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Industry-based cod survey
Massachusetts industry-based cod survey
Credit: Massachusetts Division of Marine Fisheries

Northeast Cooperative Research Program

Industry-Based Resource Surveys

Industry-based resource surveys have evolved through efforts by scientists and industry members to complement federal trawl surveys by increasing the spatial and temporal resolution of sampling events, particularly in near-shore areas and for individual species of interest. Additional benefits of industry-based surveys include establishing productive working relationships between scientists, managers, and industry members.

This approach has been supported by NOAA Fisheries with the development of the Cooperative Monkfish Survey through internal funding; by regional Fishery Management Councils with the Mid-Atlantic Supplemental Finfish Survey funded under the Research Set-Aside (RSA) program; and by State and regional organizations with the development of the Maine-New Hampshire Trawl Survey, funded by both the Northeast Cooperative Research Partners Program and the Northeast Consortium, and the Northeast Area Monitoring and Assessment Program – nearshore trawl program (NEAMAP).

Additional pilot industry-based surveys were conducted between 2003 and 2007, with the goal of collecting data pertinent to Gulf of Maine cod and Southern New England yellowtail flounder stocks and evaluating closed areas. These surveys were designated as priority projects under the Northeast Cooperative Research Partners Program (NCRPP) during broad regional facilitated workshops. Partners in these surveys included four New England states (Maine, New Hampshire, Massachusetts, and Rhode Island), NOAA Fisheries Service, and members of the fishing industry. Fishermen, working with state and federal fisheries scientists provided higher-resolution data on fish populations in near-shore areas, which may be viewed through the Industry-Based Survey Data Mapper. Background information on the development of these surveys is provided below.

To Organize Seven One Day Workshops On Industry-Based Surveys And Study Fleets

Sampling designs developed for cooperative resource surveys range from traditional stratified random sampling, a method similar to resource surveys conducted on research vessels, to sentinel surveys where fisherman recommend sampling stations based on their empirical or traditional ecological knowledge. A hallmark of the pilot projects was the development of an understanding by all partners that there are many different survey designs, each with unique merit and limitations.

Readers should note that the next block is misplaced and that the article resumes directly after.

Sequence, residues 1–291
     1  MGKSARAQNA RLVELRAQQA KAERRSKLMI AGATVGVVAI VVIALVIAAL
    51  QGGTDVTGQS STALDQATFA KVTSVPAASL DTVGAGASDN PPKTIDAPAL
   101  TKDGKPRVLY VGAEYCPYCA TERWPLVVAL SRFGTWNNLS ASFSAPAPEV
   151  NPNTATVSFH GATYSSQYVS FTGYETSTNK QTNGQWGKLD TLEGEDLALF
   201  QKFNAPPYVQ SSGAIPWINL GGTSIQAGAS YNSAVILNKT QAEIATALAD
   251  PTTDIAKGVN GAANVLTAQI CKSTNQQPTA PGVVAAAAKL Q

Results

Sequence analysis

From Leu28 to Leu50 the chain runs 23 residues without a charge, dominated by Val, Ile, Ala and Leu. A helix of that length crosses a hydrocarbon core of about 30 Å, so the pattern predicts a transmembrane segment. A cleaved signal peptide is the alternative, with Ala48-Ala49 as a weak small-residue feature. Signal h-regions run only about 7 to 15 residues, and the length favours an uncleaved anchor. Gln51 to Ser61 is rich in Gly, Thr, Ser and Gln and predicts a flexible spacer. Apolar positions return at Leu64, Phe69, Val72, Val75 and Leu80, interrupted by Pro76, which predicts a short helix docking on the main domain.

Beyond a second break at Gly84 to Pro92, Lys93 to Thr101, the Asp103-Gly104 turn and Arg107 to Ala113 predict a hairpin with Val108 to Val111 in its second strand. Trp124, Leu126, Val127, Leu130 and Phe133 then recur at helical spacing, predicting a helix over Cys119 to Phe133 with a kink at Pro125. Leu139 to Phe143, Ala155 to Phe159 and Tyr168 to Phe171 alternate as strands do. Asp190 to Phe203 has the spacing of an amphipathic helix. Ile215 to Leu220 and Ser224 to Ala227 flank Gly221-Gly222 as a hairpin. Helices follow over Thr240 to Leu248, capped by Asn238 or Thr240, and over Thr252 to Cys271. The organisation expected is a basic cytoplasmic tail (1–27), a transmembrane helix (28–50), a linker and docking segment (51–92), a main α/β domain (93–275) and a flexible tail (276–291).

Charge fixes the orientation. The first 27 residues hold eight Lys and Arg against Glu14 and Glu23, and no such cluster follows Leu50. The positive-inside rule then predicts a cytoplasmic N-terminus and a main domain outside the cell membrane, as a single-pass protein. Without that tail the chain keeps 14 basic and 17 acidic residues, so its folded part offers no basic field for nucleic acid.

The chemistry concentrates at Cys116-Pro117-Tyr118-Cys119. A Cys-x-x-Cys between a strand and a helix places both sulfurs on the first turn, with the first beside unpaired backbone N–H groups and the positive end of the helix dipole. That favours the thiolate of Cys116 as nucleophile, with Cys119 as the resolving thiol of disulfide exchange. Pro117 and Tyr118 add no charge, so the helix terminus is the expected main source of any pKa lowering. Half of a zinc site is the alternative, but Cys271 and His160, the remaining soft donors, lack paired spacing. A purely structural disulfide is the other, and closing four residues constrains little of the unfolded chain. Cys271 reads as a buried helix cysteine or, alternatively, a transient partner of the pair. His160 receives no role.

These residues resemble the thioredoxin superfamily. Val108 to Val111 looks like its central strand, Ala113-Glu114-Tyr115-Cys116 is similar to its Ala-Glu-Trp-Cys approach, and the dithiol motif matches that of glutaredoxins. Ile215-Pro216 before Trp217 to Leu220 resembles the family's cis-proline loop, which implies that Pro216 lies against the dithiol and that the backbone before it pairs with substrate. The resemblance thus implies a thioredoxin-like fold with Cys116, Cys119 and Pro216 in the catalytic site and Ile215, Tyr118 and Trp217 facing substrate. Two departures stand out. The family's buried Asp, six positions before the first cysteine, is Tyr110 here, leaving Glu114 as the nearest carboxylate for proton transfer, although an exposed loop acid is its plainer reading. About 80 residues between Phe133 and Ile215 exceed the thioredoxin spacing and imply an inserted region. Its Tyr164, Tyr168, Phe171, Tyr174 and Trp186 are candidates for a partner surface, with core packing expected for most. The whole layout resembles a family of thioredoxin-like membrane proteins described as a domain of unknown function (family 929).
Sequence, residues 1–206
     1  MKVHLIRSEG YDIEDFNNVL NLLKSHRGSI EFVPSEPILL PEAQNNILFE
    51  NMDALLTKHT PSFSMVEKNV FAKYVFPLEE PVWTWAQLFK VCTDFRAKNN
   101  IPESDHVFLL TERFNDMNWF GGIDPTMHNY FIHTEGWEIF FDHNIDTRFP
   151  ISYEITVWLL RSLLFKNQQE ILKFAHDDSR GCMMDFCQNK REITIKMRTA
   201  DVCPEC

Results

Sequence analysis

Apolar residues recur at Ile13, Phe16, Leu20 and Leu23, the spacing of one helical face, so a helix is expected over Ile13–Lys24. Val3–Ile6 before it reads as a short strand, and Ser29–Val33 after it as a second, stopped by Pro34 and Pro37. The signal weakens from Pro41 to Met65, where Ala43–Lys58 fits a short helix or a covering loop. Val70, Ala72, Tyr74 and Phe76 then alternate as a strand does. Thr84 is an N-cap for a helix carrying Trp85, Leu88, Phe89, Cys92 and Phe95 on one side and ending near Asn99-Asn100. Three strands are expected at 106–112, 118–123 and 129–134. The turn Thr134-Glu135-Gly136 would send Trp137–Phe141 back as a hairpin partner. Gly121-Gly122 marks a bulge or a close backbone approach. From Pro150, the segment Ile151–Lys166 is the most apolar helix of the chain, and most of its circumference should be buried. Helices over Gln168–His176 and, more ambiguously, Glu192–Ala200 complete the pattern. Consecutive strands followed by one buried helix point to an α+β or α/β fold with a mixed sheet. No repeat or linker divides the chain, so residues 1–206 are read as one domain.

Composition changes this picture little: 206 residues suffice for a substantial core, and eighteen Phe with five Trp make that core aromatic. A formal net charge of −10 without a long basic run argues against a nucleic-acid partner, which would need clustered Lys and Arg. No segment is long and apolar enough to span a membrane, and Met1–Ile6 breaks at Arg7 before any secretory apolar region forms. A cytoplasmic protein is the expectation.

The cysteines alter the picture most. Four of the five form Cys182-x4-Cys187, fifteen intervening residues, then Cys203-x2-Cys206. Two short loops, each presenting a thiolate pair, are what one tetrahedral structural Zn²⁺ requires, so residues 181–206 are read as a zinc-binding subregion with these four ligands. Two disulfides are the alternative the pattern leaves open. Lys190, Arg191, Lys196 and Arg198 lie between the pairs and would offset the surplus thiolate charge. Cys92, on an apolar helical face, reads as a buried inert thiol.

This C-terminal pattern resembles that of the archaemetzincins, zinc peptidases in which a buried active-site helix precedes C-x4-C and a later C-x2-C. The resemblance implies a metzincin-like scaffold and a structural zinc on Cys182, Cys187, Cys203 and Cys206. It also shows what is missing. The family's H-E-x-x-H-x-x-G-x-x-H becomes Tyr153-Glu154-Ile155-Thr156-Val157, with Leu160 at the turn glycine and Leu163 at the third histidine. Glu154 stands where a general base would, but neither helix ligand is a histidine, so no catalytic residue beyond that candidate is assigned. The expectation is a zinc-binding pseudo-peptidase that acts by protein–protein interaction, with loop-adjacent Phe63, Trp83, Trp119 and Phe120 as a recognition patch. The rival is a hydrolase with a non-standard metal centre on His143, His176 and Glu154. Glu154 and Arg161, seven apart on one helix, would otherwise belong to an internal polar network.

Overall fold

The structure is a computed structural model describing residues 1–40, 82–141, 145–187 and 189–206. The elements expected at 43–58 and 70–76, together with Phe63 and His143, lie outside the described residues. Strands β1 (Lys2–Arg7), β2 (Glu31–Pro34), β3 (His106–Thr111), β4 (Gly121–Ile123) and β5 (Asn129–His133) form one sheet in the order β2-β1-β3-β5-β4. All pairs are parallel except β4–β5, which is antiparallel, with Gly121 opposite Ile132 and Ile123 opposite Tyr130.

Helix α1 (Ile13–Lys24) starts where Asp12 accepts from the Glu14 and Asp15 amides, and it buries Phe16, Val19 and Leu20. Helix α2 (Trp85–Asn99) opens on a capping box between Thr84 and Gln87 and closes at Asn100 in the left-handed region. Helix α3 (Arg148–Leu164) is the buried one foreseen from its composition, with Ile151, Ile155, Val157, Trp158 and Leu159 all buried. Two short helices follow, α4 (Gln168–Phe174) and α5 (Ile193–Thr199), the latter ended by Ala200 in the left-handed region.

The focus of the Gulf of Maine Cod Assessment was to survey aggregations of cod in time and space, describe cod distributions by stock demographic characteristic (age structure, spawning, and variance), and develop a species aggregation map (see link above to IBS Data Mapper). Surveys of cod distribution are needed to provide greater detailed information for management purposes. Data collected is used to monitor inshore stocks, assess the importance of these areas as nursery and spawning grounds, and assess area closures.

The focus of the Southern New England Yellowtail Flounder Project was to document the distribution of yellowtail flounder and assess the effectiveness of the Nantucket Lightship Closed Area through intense sampling with industry designed "flatfish" trawls.

The Mid-Atlantic Supplemental Finfish Survey was designed to augment information collected through NOAA Fisheries Annual Resource Surveys, in particular to better evaluate how seasonal north-south and onshore-offshore migrations affect the stock abundance estimates of commercially and recreationally important species in the Mid-Atlantic.

The Cooperative Monkfish Survey was designed with specific goals to better cover the depth and range of the monkfish resource. This survey was conducted in 2001 and 2004, and extended the strata sampled by the annual NOAA Fisheries Survey.

The primary objective of the Maine-New Hampshire Trawl Survey, conducted since the fall of 2000, is to derive indices of abundance of marine resources in the inshore waters of coastal Maine and New Hampshire, most of which are not covered by NOAA Fisheries’ Annual Surveys. The ME-NH survey has a number of other objectives, including the collection of biological data on marine species, the collection of data used in the development of fisheries management programs, and to improve the acceptance of fisheries science within the fishing community.

As cooperative research projects, the industry-based surveys funded to date have undergone technical peer reviews by independent panels in order to assess survey design and methods, biological sampling, utility of the data collected, and cost-effectiveness, as well as other aspects of the projects. To view the results of the peer review for each survey, click on the following links:

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